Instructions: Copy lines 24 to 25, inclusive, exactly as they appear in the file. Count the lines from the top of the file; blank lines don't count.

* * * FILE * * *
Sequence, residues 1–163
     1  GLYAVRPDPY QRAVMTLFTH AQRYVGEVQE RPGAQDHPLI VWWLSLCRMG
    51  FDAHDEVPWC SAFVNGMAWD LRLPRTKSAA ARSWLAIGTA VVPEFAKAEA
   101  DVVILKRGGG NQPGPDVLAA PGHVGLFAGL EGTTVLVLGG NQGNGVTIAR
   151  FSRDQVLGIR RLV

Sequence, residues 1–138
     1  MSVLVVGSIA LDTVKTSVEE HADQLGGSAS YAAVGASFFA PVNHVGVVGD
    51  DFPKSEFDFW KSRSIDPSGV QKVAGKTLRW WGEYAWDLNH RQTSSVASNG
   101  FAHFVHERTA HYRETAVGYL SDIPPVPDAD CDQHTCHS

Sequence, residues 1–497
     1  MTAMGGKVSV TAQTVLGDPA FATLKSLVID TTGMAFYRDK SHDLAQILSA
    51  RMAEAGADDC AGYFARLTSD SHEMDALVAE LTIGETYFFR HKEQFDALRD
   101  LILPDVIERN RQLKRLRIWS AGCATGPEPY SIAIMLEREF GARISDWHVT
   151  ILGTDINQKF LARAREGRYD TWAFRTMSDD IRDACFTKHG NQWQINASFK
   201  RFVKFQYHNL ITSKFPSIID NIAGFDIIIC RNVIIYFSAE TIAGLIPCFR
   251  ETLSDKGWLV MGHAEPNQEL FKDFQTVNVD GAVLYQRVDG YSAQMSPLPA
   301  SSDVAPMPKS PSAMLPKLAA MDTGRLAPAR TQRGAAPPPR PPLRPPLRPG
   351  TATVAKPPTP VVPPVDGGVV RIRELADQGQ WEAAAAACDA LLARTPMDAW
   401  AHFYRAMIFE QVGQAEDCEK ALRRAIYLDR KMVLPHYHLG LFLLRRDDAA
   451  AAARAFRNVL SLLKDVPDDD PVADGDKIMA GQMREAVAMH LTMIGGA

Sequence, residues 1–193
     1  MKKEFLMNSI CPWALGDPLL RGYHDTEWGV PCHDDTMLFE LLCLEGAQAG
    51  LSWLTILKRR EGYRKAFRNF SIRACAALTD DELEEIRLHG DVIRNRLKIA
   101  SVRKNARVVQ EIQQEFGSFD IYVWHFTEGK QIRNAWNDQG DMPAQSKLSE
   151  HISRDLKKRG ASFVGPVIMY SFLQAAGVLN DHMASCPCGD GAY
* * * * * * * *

   101  SVRKNARVVQ EIQQEFGSFD IYVWHFTEGK QIRNAWNDQG DMPAQSKLSE
   151  HISRDLKKRG ASFVGPVIMY SFLQAAGVLN DHMASCPCGD GAY